Wednesday, November 09, 2011

Book Review: The Barber Who Wanted to Pray by R. C. Sproul

Illustrated by T. Lively Fluharty

The Barber Who Wanted to Pray is a wonderfully illustrated account of Martin Luther and his barber, Master Peter, who takes the opportunity to ask his hero in the faith how to pray more effectively. While R. C. Sproul is known for his biblical teaching and knowledge of church history, the illustrations make this book a treasure. I read it over the course of two evenings with my youngest children (ages 7 and 5) who studied each page intently.

The story of Luther and Master Peter is couched within the life of a modern family who are having evening devotions and the question of one of the children prompts this particular tale. Luther's method for prayer centers on the Ten Commandments, the Lord's Prayer, and the Apostles' Creed. Those who are not familiar with the Apostles' Creed might stumble a bit over it but should know that it has an important place in the development of Christian doctrine.

In terms of the story-telling, I found myself wanting to change the wording for my young children, to soften its meaning for their ears. For example, one part of the story speculated that Master Peter could easily cut the throat of Luther the outlaw with his razor blade. Another part of the story mentioned capture, burning at the stake, and execution. These were realities of the day, I'm sure, but I found myself improvising with a new way to say the same thing.

This book is not for Lutherans only or Reformed Christians only. It is for anyone who wants to know more about church history and to understand a simple way to pray. Click here for more information on Crossway's site. Also available in ebook format.

    Being justified, having peace

    “Therefore, having been justified by faith, we have peace with God through our Lord Jesus Christ, through whom also we have obtained our introduction by faith into this grace in which we stand; and we exult in hope of the glory of God.” Romans 5:1-2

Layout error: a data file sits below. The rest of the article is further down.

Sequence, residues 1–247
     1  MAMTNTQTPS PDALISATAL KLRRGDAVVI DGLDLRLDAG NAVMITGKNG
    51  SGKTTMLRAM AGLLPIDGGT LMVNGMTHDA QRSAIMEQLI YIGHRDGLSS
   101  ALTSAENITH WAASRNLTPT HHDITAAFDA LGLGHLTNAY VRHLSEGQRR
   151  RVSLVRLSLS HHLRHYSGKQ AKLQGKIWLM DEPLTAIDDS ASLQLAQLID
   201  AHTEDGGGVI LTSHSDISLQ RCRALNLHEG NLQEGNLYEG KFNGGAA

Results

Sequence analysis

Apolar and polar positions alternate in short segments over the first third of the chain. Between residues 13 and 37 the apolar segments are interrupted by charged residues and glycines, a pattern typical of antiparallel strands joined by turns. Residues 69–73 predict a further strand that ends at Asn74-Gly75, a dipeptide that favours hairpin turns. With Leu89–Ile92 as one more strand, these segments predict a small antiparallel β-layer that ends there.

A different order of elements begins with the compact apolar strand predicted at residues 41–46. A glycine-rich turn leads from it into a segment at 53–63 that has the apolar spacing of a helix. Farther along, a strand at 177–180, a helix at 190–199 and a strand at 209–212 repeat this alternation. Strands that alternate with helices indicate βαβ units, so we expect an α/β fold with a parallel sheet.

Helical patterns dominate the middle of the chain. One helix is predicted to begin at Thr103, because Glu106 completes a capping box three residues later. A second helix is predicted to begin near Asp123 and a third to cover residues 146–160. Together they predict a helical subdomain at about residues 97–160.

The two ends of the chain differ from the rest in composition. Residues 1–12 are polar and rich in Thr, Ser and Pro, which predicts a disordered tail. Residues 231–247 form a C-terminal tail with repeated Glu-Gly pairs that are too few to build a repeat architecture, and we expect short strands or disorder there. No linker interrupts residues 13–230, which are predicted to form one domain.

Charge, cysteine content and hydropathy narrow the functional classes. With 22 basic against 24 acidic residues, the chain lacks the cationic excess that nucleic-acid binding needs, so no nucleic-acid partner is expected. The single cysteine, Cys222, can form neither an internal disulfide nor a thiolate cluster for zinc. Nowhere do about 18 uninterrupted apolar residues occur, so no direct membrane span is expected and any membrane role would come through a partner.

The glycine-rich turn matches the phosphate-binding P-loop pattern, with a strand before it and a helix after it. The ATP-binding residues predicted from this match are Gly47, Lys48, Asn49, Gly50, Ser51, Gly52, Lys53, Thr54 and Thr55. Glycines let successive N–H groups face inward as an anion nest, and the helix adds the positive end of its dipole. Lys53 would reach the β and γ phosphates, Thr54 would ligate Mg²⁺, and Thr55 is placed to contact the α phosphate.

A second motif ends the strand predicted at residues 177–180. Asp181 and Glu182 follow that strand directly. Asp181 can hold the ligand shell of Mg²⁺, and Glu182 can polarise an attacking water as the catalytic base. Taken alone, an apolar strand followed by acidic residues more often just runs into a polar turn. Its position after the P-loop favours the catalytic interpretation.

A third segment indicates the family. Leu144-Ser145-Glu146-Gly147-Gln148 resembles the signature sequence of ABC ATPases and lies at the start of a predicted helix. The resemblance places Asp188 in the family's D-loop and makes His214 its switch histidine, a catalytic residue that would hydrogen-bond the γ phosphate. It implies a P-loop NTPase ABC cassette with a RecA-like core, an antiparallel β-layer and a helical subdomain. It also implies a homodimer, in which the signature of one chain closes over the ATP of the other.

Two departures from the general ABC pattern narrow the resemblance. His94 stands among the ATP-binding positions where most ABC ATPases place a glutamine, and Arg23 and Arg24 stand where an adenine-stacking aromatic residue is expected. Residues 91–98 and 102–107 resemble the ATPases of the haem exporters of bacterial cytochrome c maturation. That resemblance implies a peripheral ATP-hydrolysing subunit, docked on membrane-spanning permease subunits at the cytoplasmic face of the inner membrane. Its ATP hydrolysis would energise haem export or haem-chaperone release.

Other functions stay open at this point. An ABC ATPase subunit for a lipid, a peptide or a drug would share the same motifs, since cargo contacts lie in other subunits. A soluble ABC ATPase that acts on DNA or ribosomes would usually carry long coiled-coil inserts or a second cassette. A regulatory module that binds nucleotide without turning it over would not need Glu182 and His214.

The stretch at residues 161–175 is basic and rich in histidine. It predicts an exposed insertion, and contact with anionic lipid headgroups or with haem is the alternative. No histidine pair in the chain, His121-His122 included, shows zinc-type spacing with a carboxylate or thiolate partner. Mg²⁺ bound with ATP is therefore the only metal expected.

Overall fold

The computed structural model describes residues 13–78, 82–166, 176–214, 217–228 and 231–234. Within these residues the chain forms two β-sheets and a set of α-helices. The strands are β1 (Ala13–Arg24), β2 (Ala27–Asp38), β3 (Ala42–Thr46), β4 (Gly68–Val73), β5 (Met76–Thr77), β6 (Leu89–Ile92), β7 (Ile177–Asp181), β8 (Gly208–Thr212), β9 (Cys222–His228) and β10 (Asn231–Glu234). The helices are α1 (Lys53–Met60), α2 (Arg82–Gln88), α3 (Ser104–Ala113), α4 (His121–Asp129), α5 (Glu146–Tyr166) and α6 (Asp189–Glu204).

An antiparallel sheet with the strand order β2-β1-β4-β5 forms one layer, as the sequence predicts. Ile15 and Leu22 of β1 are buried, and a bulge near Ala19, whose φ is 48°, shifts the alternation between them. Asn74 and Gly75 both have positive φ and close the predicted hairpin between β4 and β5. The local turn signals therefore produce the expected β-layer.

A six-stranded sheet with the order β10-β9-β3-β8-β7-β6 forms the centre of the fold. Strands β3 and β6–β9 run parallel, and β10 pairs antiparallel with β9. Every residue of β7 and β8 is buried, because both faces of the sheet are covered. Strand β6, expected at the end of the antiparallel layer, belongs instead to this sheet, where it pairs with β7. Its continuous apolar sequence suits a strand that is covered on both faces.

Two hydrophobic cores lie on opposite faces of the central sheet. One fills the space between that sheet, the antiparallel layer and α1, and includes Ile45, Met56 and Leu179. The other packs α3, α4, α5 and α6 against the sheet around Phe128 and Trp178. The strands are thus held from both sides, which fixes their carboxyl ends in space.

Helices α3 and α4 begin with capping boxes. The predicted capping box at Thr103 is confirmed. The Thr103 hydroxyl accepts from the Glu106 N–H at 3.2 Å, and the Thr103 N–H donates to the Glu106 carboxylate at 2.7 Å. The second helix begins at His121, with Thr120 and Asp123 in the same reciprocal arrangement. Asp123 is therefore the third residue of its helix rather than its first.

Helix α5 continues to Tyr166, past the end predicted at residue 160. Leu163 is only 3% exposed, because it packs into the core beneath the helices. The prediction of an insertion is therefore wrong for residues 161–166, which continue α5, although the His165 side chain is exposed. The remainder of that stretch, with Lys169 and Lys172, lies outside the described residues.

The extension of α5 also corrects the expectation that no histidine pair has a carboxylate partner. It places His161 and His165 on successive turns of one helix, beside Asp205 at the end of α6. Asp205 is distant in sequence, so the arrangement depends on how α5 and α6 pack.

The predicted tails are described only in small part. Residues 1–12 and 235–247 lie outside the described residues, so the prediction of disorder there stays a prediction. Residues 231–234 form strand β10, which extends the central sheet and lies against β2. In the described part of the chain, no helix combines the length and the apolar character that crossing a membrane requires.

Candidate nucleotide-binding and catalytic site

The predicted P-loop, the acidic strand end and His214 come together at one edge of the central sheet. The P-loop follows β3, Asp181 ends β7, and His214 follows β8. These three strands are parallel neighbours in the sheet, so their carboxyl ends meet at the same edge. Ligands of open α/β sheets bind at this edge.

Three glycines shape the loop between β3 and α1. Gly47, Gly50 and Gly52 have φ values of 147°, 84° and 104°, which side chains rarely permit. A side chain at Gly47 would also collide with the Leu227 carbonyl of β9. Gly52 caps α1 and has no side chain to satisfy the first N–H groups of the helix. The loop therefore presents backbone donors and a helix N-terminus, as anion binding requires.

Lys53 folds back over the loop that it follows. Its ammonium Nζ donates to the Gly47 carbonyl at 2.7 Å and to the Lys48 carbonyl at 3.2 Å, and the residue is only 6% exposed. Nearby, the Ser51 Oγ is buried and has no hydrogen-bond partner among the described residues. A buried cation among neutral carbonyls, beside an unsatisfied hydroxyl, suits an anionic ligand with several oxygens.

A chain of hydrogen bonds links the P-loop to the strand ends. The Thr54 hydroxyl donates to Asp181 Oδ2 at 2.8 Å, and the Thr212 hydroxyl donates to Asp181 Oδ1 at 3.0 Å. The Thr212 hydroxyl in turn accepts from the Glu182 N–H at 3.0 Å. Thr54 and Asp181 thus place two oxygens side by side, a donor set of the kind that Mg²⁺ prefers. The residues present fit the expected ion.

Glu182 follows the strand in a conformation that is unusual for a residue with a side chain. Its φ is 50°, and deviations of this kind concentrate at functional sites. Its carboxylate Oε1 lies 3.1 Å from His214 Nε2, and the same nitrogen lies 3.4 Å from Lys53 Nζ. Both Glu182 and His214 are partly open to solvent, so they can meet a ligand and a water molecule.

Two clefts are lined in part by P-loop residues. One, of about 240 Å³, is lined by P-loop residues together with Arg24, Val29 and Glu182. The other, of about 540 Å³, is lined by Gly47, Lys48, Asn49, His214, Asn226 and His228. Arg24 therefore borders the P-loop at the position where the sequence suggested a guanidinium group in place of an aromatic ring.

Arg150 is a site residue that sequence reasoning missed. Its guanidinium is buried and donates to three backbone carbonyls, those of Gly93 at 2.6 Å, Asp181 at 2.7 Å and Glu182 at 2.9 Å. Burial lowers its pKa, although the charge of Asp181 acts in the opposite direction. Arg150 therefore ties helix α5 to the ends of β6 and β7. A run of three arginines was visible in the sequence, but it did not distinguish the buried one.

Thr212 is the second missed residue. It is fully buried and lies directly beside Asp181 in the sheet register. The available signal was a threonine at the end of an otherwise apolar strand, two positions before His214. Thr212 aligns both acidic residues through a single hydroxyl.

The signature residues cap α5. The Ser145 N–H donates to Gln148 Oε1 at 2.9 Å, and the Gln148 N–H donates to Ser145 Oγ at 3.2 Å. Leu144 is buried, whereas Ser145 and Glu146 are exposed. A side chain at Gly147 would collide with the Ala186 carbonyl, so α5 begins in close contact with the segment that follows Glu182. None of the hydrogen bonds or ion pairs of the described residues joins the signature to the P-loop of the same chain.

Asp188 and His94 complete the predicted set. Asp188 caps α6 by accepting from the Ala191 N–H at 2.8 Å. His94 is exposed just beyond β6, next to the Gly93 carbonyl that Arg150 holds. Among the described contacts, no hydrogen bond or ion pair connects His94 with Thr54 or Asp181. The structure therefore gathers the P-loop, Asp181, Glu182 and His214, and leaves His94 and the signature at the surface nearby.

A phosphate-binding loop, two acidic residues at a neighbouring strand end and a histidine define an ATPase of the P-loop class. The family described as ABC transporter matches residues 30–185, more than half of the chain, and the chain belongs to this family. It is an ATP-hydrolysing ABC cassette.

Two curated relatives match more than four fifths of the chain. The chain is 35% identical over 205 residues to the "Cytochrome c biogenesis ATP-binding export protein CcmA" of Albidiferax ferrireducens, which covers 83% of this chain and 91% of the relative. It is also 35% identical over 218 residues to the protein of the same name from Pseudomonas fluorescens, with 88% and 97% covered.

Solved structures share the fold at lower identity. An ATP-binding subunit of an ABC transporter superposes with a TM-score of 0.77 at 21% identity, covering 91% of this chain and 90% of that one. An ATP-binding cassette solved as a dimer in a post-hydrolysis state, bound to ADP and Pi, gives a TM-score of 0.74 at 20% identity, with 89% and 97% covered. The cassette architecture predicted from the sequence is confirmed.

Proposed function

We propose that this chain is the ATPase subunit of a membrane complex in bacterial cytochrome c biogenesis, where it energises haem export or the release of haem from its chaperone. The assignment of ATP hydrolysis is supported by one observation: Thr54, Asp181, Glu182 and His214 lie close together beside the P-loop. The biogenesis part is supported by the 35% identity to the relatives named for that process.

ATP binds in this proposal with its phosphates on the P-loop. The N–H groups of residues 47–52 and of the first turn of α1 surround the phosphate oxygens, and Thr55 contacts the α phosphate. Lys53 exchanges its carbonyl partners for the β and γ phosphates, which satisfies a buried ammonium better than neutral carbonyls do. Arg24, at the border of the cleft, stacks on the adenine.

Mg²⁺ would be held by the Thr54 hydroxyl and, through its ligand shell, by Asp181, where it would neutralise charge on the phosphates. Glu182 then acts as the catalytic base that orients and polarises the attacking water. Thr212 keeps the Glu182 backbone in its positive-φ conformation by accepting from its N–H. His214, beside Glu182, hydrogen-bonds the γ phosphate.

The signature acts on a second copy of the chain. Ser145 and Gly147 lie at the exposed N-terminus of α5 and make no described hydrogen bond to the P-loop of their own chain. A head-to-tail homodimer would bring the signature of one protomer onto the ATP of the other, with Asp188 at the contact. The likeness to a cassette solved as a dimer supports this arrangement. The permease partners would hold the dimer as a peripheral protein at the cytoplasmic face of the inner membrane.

In the apostle Paul's letter to the Romans, he has made a case like a trial lawyer: all stand guilty before God in unrighteousness, but the righteousness that comes from God has been revealed in the gospel of Jesus Christ. At the cross, the Son of God was made to be an atoning sacrifice for sins so that all who believe in Christ and receive this sacrificial payment by faith might be declared righteous. God is both just in adhering to the standards of His law (the soul that sins shall die) and the justifier of the one who has faith in Jesus.

    And what is the result of this great work of God, the justification of sinners? We have peace with God. Many are those who, when they stop the ears from the noises and distractions of this wicked generation, can hear the cry of their souls: “where can I find peace?” From an early age, it is normal to discern this voice even though it may be difficult to determine its purpose. Why do I behave in this way? Why do I fear death? Can I find rest from my troubles? Is there lasting satisfaction to be found in material wealth, accomplishments, and worldly pleasures? Ultimately the answer is “no” because nothing within a man's own strength can repair the rip in one's heart caused by alienation from God due to our sin condition. But God acted outside of us, on our behalf to repair the rip and bridge the gap so that we who were the object of his wrath might be reconciled, introduced into a state of grace, and called friend.